• Emergency room
  • Women’s health (neonatal intensive care unit (NICU)), labor and delivery
  • Intensive care units
  • Medical surgery
  • Psychiatric

Travel nursing offers flexibility for nurses seeking to bring their experience to fill shortage gaps, earn higher compensation packages, avoid office politics, and even travel to new destinations to enjoy when off the clock.

Travel nurse: job requirements

Nurses must fulfill standard requirements to land their first travel nursing assignment. Here’s a rundown of travel nurse requirements from education, experience, certifications, and specialties to maintaining an active RN license,.

  • Education requirements. A travel nurse should have an Associate Degree in Nursing (ADN) or a Bachelor of Science in Nursing (BSN) from an accredited institution. Alternatively, some agencies may accept nursing school graduates from approved Certified Nursing Assistant (CNA) or Licensed Practical Nurse (LPN) programs. However, most recruiters prefer RNs to have a BSN degree, as it opens more opportunities for job placements.
  • Pass the NCLEX-RN exam. After receiving an associate’s or bachelor’s in nursing degree or completing an approved nursing program, post-graduates can sit for the National Council Licensure Examination (NCLEX-RN) administered by the National Council of State Boards of Nursing (NCSBN). This exam assesses the skills and competencies required to work as a registered nurse (RN).
  • Apply for your nursing license. After passing the exam, apply for a nursing license in the state in which you wish to practice. For travel nurses who accept assignments out of their home state, licensing requirements vary by state. Only some states fall under the multistate license through the Nursing Licensure Compact (NLC). Top travel destination sites such as California and Hawaii require an additional state license which may prolong the process.
  • Gain professional experience as an RN. Most staffing agencies require travel nurses to have at least two years of professional RN and bedside experience. Due to limited orientation hours, recruiters and healthcare facilities find experienced nurses more desirable to fill travel nursing assignments.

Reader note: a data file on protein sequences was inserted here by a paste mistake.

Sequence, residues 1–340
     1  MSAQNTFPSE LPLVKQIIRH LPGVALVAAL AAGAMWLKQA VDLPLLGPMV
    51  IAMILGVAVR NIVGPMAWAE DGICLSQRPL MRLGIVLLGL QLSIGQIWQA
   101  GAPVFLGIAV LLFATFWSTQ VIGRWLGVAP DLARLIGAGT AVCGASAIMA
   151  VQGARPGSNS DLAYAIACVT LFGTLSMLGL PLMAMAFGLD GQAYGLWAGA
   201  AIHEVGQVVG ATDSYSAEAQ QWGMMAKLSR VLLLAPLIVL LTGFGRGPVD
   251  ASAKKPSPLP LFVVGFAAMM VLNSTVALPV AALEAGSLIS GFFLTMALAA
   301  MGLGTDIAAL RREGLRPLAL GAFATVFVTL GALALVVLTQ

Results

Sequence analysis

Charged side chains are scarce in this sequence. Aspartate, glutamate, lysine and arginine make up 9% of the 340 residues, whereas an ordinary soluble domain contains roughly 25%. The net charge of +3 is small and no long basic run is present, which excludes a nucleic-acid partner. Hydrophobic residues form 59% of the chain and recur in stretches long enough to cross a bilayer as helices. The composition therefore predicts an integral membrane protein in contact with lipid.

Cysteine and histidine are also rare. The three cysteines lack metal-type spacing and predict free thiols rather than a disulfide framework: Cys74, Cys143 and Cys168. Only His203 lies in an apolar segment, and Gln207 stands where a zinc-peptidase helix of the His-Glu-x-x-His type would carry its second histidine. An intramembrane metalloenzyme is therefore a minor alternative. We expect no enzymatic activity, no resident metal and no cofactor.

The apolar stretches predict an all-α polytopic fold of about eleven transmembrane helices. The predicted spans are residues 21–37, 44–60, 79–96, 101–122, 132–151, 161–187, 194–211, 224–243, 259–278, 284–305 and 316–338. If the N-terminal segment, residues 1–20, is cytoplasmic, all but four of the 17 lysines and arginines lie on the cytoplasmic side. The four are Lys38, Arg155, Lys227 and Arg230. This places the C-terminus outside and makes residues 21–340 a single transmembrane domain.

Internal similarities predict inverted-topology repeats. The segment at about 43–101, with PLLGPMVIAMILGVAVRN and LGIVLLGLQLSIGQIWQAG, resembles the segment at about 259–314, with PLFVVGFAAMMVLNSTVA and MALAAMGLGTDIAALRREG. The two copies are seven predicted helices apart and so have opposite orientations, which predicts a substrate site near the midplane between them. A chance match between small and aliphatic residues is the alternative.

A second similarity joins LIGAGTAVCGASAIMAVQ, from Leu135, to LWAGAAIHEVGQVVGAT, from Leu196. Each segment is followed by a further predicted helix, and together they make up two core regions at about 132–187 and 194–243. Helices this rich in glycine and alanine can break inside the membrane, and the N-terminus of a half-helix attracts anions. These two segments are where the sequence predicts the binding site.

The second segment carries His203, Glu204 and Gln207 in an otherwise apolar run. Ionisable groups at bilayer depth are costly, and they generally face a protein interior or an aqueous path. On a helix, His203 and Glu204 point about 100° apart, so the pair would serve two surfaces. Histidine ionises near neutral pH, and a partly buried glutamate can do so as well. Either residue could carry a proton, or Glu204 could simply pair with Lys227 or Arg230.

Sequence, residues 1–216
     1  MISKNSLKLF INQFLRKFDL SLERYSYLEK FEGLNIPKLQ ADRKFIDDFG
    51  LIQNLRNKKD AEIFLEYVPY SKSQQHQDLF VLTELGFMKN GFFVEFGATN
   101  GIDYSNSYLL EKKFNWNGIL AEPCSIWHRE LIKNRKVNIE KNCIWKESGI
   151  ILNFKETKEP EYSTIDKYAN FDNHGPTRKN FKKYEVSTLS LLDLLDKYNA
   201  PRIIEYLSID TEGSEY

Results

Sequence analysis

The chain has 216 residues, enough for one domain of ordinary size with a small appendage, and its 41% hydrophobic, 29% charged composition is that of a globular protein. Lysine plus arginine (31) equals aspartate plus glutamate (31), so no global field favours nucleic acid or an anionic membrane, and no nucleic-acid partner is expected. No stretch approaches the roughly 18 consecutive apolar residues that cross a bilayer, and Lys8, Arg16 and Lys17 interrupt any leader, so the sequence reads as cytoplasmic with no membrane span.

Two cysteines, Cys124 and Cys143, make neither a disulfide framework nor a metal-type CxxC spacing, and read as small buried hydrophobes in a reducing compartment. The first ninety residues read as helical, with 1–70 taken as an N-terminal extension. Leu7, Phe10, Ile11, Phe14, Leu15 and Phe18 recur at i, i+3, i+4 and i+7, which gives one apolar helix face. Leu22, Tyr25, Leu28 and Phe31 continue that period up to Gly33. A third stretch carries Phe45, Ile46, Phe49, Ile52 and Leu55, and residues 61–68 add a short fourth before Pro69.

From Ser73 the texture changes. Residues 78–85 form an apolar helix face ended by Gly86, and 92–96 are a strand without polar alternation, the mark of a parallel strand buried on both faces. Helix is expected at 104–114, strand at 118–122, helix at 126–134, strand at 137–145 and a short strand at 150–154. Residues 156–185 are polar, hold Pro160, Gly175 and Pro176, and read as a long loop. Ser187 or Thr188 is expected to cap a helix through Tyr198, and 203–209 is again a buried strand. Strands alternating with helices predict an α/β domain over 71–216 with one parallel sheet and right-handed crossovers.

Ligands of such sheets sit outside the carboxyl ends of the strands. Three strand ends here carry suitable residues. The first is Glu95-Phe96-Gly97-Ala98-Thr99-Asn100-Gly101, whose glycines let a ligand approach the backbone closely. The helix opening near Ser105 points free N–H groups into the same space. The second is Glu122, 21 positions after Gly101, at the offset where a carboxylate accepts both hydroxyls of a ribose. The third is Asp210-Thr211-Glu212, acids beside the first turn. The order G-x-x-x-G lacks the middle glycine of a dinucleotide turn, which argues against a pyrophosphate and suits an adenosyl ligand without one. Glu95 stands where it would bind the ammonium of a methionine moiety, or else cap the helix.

• Explore additional certifications. Some facilities require travel nurses to carry nursing certifications, such as Basic Life Support (BLS) and Advanced Cardiac Life Support (ACLS). In addition, Certified Pediatric Nurse (CPN), Certified Critical Care Nurse (CCRN), and Certified Emergency Nurse (CEN) certifications can land experienced nurses at the top of the call list for more senior or specialized roles.

Most travel nurses have prior experience as registered nurses. However, nurse practitioners (NPs) or advanced practice registered nurses (APRNs) can also serve as travel nurses in specialty roles. These roles typically require additional years of nursing experience and advanced education through a Master of Science in Nursing (MSN). Travel nurses who meet these qualifications can earn even higher wages on the road than their RN counterparts. States vary in the degree of practice autonomy they afford NPs, limiting their roles in some locations.

How much do travel nurses make?

Travel nursing perks include experiencing new destinations, having flexible work schedules, and earning higher incomes. For instance, full-time registered nurses earn a median wage of $77,600 or $37.31 hourly. In contrast, traveling RNs average about $3,500 per week or more, which can balance out to six-figure salaries depending on the frequency of assignments. Some traveling nurses earned as much as $10,000 per week during the height of the pandemic.

While salaries were at their peak as traveling nurses assisted in ICU and emergency rooms during the pandemic, post-pandemic wages remain rather lucrative. The highest-paying cities for travel nurses include:

  • New York, NY
  • Los Angeles, CA
  • San Diego, CA
  • Denver, CO
  • Atlanta, GA
  • Phoenix, AZ
  • Orlando, FL
  • San Antonio, TX

While travel nurse salaries rate much higher than full-time staff nurses, it’s important to consider housing costs and other living expenses when selecting assignments. For example, destinations such as California and New York typically pay higher wages. However, the cost of living for housing and food can eat away at those additional earnings.

Travel nursing continues to boom as more full-time nurses consider this option to achieve work-life balance through short-term assignments and flexible schedules. Before reaching out to a nurse staffing agency and resigning from your full-time role, be sure to meet the education, experience, and certification requirements. Nursing in any capacity is a commitment to lifelong learning. Therefore, maintaining an active RN license and becoming certified in hard-to-fill specialties may help you land steady assignments in high-demand areas.

(Last Updated on February 26, 2024).

How useful is this page?

Click on a star to rate it!

Since you found this page useful...mind sharing it?

Questions or feedback? Email editor@noodle.com

About the Editor

Tom Meltzer spent over 20 years writing and teaching for The Princeton Review, where he was lead author of the company's popular guide to colleges, before joining Noodle.

To learn more about our editorial standards, you can click here.


Share

You May Also Like To Read


Categorized as: Nurse PractitionerRN to BSNNursing & Healthcare